Know the generations and focus on company culture

ORLANDO, Fla. — At a time when companies are challenged to find and retain good employees, the answer is likely to come down to identifying and meeting the needs of Millennial and Generation Z workers, who soon will represent the majority of the U.S. workforce.

That was one of the key takeaways from a Fireside Chat between Jaime Zepeda, executive vice president of Best Companies Group and Kelley Kenner-Patridge, vice president and chief people officer at Nationwide Marketing Group, speaking at Furniture Today’s Leadership Conference.

“By 2025, Gen Z and Millennials will make up 60% of the workforce,” Zepeda said. “They are different than previous generations, and they think about company loyalty in very different ways.”

To be successful attracting and retaining these emerging powerhouse generations will require an increasing focus on company culture, a term that is often misunderstood. Despite the common perception of “culture” being defined by things like free snack bars, nap pods and game tables, the reality is actually quite different.

“Culture is defined by how you hire, fire and promote,” said Zepeda.

And for Millennials and Gen Z, the last portion of that is actually among the most important.

Kenner-Patridge noted for example that Millennial and Gen Z workers are goal-oriented, pragmatic and very interested in what it takes for them to grow and advance in the companies to which they commit. The frequency of communication between managers and subordinates that was considered the norm for previous generations needs to be ramped up significantly to attract and retain younger workers.

“We think we are communicating, but we’re not communicating enough,” Kenner-Patridge explained. “These younger workers value transparency. They want to see there is a plan for them.”

Zepeda, whose position at Best Companies Group provides perspective across hundreds of companies and myriad industries noted that frequent conversations around advancement are critical for Millennial and Gen Z workers. “We have a great deal of data that shows there is a correlation between better retention and the frequency of communication around advancement.”

Kenner-Patridge noted that it’s not enough to simply talk about paths to advancement, it’s just as important to have processes and systems in place that formalize this effort and identify those who are best able to make these advancements. She explained that it’s important to identify your high potential people and engage them in formal way to support and direct their career development.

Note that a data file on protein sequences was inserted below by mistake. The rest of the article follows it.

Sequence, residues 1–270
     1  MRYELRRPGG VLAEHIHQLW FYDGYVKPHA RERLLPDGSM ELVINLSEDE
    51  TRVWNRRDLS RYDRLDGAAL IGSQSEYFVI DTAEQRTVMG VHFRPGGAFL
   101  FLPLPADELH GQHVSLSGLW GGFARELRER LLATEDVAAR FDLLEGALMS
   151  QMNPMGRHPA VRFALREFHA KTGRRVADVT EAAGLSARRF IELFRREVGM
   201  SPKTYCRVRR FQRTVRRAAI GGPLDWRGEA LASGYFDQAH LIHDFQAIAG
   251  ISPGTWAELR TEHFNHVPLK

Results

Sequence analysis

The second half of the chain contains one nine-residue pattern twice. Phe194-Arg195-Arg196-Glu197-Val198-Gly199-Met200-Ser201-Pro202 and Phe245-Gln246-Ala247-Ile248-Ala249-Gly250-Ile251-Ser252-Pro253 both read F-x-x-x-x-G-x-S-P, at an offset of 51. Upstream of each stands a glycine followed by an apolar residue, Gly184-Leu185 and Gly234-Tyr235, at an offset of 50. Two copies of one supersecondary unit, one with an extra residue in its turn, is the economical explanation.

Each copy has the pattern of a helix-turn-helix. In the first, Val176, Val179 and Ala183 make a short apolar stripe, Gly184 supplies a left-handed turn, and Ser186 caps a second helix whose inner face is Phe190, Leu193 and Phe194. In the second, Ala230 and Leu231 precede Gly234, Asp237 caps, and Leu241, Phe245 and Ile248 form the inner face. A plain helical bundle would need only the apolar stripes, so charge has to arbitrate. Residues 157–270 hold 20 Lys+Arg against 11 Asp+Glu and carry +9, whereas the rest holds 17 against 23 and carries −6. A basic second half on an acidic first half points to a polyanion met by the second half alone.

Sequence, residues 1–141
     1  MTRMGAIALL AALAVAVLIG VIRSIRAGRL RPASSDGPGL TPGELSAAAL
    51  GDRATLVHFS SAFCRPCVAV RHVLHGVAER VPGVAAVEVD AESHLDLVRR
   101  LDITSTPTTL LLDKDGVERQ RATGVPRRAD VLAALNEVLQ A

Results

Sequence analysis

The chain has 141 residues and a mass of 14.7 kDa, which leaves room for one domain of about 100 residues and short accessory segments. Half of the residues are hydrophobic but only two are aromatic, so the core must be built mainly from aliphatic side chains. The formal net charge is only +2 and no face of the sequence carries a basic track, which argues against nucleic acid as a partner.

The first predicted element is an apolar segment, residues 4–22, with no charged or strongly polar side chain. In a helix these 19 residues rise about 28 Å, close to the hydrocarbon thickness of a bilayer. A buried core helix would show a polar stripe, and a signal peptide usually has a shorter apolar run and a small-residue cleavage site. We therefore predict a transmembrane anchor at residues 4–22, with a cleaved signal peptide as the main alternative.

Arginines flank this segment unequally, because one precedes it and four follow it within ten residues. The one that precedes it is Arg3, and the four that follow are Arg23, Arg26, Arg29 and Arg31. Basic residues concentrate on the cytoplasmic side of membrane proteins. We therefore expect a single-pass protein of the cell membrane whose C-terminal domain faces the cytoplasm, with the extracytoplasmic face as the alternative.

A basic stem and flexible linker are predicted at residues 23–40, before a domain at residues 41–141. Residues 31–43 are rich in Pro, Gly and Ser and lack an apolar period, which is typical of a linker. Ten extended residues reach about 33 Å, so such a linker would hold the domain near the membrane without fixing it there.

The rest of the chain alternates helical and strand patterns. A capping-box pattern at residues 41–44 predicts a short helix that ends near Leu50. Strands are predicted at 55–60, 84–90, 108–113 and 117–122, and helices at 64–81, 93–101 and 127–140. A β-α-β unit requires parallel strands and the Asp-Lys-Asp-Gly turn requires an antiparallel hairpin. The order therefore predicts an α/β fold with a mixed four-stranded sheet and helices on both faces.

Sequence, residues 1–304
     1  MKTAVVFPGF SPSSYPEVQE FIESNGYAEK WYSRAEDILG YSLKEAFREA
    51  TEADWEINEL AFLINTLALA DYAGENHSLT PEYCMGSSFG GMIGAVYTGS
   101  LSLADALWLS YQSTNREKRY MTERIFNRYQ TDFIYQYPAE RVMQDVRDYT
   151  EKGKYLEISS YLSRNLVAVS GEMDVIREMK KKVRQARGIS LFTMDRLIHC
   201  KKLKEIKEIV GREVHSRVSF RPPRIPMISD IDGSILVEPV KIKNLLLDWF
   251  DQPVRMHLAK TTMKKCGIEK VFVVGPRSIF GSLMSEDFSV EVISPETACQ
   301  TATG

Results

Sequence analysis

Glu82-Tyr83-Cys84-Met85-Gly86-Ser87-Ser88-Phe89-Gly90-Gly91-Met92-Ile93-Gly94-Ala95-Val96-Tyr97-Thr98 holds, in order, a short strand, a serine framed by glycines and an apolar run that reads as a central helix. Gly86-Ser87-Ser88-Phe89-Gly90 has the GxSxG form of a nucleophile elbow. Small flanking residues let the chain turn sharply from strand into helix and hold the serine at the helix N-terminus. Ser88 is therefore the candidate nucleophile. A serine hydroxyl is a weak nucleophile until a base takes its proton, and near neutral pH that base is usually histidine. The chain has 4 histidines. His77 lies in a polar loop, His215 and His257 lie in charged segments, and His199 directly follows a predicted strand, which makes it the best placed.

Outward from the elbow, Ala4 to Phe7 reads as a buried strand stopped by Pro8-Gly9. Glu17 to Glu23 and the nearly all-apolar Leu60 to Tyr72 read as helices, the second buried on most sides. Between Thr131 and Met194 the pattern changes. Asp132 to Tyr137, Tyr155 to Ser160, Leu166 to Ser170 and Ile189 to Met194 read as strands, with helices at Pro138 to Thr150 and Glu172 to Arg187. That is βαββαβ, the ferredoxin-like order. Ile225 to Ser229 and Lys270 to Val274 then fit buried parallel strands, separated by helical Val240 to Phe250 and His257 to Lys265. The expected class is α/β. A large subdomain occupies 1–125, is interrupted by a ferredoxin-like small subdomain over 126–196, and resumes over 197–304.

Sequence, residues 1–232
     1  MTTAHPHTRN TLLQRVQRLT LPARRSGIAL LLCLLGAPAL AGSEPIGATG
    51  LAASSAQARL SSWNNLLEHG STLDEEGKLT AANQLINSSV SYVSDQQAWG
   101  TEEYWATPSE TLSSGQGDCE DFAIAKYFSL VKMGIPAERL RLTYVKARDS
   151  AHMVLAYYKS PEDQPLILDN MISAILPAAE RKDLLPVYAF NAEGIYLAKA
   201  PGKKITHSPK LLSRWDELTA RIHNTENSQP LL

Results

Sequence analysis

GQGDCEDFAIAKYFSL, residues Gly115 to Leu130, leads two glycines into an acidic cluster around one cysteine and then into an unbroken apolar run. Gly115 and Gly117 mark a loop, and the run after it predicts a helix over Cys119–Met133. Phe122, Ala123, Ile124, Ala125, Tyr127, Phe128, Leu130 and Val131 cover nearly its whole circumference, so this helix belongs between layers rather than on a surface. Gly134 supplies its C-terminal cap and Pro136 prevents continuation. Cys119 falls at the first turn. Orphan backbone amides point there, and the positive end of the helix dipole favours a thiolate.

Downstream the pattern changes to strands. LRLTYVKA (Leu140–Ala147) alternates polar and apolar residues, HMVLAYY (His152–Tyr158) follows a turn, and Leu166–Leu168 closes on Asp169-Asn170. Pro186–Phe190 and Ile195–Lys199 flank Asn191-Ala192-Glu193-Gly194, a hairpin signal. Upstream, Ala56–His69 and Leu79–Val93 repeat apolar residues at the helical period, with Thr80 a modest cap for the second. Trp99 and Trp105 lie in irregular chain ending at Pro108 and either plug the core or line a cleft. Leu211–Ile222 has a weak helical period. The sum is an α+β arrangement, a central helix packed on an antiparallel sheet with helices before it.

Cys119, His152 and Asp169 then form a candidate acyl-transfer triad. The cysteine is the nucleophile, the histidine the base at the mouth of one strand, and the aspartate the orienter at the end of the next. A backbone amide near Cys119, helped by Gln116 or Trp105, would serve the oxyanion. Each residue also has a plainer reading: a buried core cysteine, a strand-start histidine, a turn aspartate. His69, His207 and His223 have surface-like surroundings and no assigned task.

“You need to bring people together to provide leadership coaching to those who will move up one level, or even more,” she said. “It’s important to take the time to understand who you have in your organization. It’s not one size fits all.”

This is particularly true when recruiting in an environment of employee scarcity. She explained that this may require thinking about open positions in new ways and being creative when thinking about what it takes to fill them.

“Are there jobs that you can create or modify that might allow you to attract someone on an other-than-full-time basis,” Kenner-Patridge posed. “Maybe there is a person who has a block of time during the day and could be effective for you. Is there a job you can modify?”

As lifestyles change with the generations, Millenial workers, and specifically those at the upper age range, have become a “sandwich generation,” having to deal not only with challenges around child rearing, but also around elder care.

“Anything around elder care is making a big difference today when it comes to benefits,” Zepeda explained. “Your benefits should mirror your values.”

And just as they are thinking frequently about how to advance in their career younger workers are already thinking ahead to retirement and weighing the relative value of companies’ 401K plans to determine where they go and how long they stay.

The key, according to the two HR experts, is flexibility, understanding that today’s and tomorrow’s workers are thinking about employment and their career in different ways, and those companies that want to be successful going forward will need to do the same.

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